News / USA

Prison University Gives Inmates Hope

College classes give prisoners a head start for when they rejoin society

Professor Sookyoung Lee teaches a class on critical thinking and research to inmates at San Quentin prison in California.
Professor Sookyoung Lee teaches a class on critical thinking and research to inmates at San Quentin prison in California.

Multimedia

Audio

A college education is out of reach for most state and federal prisoners. California’s San Quentin is one of the few prisons in the country that offers college-level courses.

Jody Lewen has run the facility’s college program for over a decade and she's the reason that the Prison University Project exists today.

Taking charge

When Lewen joined San Quentin's college program in 1999 as a volunteer instructor, it was run by a small volunteer staff with no budget. At that time, she was a graduate student, with plans to return to academic research. But a year later, when the part-time director suddenly quit, Lewen found herself in charge.

"I thought for a long time it was just temporary and that somebody else was going to keep the program running," she says. "But once I started doing the work and got more deeply involved, I also began to see the potential the program had. And I started to think more and more about what this program could become. There was nobody else to run it. And I thought it would just be one of those failures for the rest of my life if I let it fold.

Of the 5,500 prisoners currently housed at San Quentin, 300 enroll in the Prison University Project each semester.
Of the 5,500 prisoners currently housed at San Quentin, 300 enroll in the Prison University Project each semester.

Expanded program

Under Lewen’s leadership, the Prison University Project has expanded, now offering 20 classes in English, math, the humanities, social science and Spanish. Three hundred inmates enroll every semester, earning college credits which can lead to an associate of arts degree. Lewen has recruited more than 150 volunteer teachers and graduate students from nearby colleges and universities. She says attracting teachers is not difficult, although some of the new instructors are nervous their first time at San Quentin.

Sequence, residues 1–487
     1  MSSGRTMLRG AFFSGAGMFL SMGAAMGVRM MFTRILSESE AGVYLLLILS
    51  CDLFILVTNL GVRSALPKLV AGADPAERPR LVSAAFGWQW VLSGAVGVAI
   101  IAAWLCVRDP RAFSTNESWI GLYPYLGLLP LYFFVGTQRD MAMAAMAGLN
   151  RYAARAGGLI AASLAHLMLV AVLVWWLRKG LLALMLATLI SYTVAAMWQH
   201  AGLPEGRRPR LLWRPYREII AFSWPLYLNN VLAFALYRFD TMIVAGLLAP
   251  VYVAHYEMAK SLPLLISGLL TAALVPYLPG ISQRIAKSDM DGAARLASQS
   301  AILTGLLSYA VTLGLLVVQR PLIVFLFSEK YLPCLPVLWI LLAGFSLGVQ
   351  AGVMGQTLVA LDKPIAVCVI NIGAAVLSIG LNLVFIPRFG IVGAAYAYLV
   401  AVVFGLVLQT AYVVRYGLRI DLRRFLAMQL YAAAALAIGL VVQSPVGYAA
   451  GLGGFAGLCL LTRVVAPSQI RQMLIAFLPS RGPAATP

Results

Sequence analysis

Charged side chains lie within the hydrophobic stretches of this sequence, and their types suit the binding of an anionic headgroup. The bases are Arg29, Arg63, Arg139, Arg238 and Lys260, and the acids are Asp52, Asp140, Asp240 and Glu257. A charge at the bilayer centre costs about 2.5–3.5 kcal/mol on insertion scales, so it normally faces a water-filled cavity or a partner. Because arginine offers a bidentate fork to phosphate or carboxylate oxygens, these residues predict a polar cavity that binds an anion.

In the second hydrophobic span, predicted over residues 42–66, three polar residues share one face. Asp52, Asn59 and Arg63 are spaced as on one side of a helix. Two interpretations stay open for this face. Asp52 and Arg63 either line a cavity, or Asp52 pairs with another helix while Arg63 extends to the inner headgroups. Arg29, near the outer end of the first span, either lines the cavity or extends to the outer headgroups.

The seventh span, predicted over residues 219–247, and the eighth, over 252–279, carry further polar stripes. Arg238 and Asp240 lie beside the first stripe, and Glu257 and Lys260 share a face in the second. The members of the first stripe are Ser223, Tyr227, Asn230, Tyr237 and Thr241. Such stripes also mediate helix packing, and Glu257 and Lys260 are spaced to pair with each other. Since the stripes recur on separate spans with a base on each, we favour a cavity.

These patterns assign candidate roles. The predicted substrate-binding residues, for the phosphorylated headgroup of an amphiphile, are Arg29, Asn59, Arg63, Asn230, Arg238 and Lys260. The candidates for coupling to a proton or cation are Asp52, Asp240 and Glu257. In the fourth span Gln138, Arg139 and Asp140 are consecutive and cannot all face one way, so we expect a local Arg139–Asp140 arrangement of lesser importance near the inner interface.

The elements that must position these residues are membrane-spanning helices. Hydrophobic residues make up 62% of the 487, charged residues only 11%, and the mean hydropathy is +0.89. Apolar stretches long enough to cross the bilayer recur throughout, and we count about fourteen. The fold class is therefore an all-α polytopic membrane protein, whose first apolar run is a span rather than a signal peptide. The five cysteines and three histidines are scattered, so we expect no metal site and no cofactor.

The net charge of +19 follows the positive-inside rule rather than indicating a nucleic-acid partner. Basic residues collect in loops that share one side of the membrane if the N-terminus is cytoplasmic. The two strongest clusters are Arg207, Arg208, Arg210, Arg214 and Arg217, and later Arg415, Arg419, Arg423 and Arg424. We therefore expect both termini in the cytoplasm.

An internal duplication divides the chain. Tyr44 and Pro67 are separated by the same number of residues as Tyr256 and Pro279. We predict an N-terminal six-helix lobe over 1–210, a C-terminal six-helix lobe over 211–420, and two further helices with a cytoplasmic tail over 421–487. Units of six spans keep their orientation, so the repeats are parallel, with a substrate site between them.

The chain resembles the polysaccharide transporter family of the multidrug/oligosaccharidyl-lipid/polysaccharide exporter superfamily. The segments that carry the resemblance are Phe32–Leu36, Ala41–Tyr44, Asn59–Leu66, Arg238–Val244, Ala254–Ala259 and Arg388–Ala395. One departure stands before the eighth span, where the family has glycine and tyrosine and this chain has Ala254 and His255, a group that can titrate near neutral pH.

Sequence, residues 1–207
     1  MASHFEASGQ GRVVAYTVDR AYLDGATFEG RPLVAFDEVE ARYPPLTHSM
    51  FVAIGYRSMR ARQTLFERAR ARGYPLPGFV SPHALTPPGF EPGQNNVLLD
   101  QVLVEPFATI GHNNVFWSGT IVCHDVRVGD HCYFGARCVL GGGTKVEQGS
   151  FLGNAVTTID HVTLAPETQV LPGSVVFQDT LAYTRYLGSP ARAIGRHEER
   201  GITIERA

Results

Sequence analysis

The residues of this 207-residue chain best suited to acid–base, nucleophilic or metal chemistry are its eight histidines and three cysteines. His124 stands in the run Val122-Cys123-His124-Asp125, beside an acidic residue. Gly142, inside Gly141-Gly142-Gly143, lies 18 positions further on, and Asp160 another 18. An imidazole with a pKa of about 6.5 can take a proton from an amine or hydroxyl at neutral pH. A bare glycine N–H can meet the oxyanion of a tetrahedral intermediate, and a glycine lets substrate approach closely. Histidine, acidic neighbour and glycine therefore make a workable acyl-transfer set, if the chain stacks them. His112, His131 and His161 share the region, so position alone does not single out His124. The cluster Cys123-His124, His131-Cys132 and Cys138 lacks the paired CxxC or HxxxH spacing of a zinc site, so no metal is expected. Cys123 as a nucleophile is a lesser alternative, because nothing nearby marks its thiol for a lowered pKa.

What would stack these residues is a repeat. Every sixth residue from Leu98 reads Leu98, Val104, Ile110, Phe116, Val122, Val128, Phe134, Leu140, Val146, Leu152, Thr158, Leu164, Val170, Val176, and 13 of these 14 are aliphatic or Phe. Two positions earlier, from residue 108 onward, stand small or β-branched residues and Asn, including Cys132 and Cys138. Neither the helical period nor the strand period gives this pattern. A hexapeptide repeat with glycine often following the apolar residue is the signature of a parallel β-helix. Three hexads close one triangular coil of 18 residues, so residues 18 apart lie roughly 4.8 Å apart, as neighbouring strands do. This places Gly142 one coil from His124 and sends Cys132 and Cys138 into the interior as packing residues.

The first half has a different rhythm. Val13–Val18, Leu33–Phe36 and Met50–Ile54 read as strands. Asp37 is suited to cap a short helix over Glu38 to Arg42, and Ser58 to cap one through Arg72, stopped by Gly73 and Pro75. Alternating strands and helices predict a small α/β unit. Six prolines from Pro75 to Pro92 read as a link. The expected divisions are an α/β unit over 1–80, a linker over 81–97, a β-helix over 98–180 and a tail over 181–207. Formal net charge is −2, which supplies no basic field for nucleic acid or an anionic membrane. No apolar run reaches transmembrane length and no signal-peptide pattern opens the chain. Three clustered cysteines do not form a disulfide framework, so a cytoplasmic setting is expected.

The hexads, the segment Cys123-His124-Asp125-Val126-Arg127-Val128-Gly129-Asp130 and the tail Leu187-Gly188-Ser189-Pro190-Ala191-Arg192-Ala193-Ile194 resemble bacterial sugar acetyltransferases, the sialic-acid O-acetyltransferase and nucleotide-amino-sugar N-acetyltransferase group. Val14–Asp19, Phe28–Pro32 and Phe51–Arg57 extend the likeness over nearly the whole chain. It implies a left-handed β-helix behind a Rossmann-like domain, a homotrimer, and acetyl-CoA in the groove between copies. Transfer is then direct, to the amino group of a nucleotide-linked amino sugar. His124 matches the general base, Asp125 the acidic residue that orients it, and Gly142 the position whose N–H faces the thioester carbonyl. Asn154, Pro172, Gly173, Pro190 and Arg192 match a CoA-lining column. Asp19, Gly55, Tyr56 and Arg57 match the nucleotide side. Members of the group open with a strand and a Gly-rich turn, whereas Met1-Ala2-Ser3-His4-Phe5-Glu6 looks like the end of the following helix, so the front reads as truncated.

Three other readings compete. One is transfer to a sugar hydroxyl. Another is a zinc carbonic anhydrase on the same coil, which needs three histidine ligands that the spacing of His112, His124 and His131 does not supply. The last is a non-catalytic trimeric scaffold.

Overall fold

"When I talk to people about this work, very often they assume that the students are very aggressive and very difficult, all the stereotypes people have in their minds about people who are incarcerated," says Lewen. "They assume they're a lot of troublemakers and are goofing off and they don't want to do their work. That stereotype has nothing to do with reality."

Sookyoung Lee teaches a class on critical thinking and research. She finds her students are curious and engaged.

"I'm super surprised at how nice the students are. Most of the times, students are extremely respectful, way more motivated than the Cal [University of California at Berkeley] undergrads," says Lee. "It's always a pleasure for the teachers when the students are not taking learning for granted."

Hope for the future

Charles Spence is serving a life sentence in San Quentin and has a few more courses left to finish his associate's degree. He hopes to be paroled some day and wants to earn his master's degree in psychology.

The Prison University Project - which has a long waiting list - offers 20 classes in English, math, the humanities, social science and Spanish.
The Prison University Project - which has a long waiting list - offers 20 classes in English, math, the humanities, social science and Spanish.

"This experience really has changed my life. It's given me a lot of tools on how to express myself," says Spence. "This program is really rare in the prison setting, so I'm really lucky. All of the guys feel the same. We're really lucky to have the opportunity to get education, especially the way the economy is now. The odds are stacked against us when we get out, being convicted felons. This actually gives us a lot of hope and hopefully will help us succeed when we walk out the door."

So far, 100 San Quentin prisoners have graduated with associate's degrees and many more have continued their college studies after release. Research shows that the more education a prisoner has, the less likely he is to return to prison. Lewen says the recidivism rate among prisoners with college degrees is less than 10 percent.

Jody Lewen has run San Quentin's Prison University Project for over a decade.
Jody Lewen has run San Quentin's Prison University Project for over a decade.

"I remember one student saying to me 'This college program is the best drug treatment program in the world.' And it was interesting because at first I really didn't understand what he meant," says Lewen. "And he was just saying 'This program gives you hope and to stay clean and to live a healthy life, you need to have hope.'"

The Prison University Project survives on donations and foundation grants and receives no government funding. Lewen would like to see college programs in every prison but without government support, it's not likely to happen any time soon. In the meantime, there's a long waiting list of San Quentin prisoners who want to enroll in the college program. Some day, Lewen hopes to expand her program, making a college education available for most of the 5,500 prisoners currently housed at San Quentin.